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Intel 'Conroe' Core 2 Duo and Core 2 Extreme

Intel's next-gen architecture - it's here

Choosing a cloud hosting partner with confidence

But enough talk - you want to know the facts and figures: how fast is it? Is Intel the new king of the performance crown? Let's start with SYSMark 2004SE, our standard general applications benchmark. Amazingly, even the E6700 is 105 points higher than the Pentium D 960. If you consider that the reference platform that BAPCo used for the baselines score of 100 is a 2GHz Pentium 4, you quickly realise that the Core 2 Duo is a different breed of processor. The Pentium D 960 scored a - to now - very respectable 260 points. That means that the E6700 offers some incredible advance in processing power on a wide range of commonly used applications.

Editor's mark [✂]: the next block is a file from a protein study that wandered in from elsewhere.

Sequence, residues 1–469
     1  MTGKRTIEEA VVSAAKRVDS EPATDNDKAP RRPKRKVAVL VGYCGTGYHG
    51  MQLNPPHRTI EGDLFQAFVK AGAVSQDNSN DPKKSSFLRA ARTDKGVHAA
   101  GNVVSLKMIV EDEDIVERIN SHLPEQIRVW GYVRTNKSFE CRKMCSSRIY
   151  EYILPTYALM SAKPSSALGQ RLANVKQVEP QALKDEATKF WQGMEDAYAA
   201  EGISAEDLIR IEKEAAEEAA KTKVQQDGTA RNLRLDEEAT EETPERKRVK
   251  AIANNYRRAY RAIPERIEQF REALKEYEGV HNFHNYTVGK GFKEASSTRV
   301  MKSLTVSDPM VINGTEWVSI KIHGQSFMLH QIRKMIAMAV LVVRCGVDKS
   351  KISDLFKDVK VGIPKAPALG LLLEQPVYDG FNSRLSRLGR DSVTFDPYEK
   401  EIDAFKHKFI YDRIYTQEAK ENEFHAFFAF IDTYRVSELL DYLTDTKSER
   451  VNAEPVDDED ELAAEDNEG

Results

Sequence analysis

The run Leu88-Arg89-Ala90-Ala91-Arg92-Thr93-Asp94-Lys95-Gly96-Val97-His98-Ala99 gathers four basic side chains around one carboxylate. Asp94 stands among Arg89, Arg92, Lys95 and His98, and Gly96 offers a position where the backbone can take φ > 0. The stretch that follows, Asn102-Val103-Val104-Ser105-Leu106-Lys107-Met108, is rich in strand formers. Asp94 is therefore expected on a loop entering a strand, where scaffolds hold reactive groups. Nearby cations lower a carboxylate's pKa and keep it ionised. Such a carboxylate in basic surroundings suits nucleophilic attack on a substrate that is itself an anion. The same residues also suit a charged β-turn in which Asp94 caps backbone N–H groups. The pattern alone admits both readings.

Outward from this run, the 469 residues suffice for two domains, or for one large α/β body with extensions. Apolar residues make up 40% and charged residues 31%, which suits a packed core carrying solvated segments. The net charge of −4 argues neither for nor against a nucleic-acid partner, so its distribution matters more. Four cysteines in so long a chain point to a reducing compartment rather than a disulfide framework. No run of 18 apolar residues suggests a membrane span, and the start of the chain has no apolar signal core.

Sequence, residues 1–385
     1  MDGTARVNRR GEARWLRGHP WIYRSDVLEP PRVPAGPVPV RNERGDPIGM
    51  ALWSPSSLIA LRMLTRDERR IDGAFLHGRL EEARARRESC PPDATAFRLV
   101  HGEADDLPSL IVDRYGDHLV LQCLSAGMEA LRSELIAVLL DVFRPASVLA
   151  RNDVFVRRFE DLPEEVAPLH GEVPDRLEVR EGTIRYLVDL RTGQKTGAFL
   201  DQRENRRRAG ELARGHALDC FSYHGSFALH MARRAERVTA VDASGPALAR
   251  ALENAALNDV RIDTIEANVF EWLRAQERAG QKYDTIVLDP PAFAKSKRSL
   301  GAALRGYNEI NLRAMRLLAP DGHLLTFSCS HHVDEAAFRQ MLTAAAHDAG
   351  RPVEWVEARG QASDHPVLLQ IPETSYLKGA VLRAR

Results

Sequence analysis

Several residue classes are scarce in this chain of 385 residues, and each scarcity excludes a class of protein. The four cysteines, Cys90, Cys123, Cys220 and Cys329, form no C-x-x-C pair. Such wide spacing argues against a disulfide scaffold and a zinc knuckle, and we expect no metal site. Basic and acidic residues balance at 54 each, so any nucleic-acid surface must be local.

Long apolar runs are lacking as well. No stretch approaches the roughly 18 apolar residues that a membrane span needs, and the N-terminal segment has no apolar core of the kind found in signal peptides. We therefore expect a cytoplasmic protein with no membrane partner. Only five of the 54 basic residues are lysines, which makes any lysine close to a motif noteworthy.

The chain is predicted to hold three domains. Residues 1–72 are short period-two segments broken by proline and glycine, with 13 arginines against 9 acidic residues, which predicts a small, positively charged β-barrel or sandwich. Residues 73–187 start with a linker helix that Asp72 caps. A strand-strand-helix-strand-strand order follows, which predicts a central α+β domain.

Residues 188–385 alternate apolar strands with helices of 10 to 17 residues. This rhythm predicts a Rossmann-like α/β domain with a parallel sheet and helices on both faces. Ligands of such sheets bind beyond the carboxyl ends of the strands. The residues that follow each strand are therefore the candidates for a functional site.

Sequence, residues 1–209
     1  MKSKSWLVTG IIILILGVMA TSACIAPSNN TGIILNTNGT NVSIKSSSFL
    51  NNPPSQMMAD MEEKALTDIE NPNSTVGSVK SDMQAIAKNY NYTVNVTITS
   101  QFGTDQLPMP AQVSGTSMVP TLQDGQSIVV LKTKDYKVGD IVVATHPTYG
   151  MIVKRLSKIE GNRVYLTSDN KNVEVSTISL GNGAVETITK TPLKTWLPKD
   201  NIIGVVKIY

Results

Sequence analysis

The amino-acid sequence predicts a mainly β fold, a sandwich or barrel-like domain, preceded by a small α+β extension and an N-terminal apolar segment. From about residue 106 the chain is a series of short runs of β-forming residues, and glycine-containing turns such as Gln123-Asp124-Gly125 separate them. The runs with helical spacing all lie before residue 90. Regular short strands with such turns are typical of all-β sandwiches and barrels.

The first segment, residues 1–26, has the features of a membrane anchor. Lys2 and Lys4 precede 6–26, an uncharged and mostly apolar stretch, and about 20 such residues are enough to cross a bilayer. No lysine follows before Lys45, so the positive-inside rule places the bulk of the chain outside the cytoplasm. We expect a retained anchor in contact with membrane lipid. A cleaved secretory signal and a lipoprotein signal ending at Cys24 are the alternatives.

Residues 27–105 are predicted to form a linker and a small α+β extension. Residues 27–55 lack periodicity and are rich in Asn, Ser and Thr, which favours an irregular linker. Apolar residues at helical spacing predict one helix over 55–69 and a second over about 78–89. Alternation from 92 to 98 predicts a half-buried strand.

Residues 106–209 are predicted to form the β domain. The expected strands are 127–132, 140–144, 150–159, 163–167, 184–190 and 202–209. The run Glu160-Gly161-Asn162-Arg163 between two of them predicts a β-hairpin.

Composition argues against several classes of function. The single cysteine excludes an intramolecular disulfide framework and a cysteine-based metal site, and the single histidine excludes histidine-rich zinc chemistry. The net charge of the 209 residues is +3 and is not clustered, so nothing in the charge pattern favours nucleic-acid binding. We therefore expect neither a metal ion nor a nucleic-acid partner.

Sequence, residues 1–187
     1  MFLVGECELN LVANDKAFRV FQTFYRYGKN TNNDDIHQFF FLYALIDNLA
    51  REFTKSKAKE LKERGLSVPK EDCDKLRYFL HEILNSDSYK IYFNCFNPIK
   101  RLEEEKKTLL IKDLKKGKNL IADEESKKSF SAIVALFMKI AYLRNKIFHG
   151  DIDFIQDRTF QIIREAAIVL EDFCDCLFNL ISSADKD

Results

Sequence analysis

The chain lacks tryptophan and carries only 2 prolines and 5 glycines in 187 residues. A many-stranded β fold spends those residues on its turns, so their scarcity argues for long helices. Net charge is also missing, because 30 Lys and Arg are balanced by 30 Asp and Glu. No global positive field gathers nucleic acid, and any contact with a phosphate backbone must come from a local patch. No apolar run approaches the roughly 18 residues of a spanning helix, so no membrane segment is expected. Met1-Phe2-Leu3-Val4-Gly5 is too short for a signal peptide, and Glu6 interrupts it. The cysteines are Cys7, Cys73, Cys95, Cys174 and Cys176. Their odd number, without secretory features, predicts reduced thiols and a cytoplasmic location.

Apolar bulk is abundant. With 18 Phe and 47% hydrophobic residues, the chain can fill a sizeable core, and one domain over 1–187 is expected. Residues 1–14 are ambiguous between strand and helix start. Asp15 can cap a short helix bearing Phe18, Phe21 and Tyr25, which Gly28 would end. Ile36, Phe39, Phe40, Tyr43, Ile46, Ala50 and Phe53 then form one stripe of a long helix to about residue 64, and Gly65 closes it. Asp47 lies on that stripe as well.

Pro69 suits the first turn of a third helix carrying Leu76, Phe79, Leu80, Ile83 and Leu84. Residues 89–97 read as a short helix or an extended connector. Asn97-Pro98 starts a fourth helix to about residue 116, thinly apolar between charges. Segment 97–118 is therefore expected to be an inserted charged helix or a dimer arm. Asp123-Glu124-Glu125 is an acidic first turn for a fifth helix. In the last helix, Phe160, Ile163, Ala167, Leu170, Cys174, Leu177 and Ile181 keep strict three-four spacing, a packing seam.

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The Core 2 Extreme X6800 adds a further 22 points to the E6700's score, which is what you'd expect as an incremental performance increase between the Extreme and vanilla versions of the new CPU. The reason: the X6800 has a higher clock speed than the E7600, and that's it. It doesn't use a faster bus speed as has been the difference in the past between Extreme Edition and regular Pentium 4 processors. It is, of course, multiplier-unlocked still, so the overclocking potential is unchanged.

The PCMark 2005 results are likewise much better for the Core 2 Duo parts than the Pentium D 960, although the frontside bus speed difference would have had a larger impact here. However, the numbers for the E6700 were not quite as high as those in the initial performance preview. This is likely to be related to slightly different system specifications and configuration, and the differences are rather small.

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Security for virtualized datacentres

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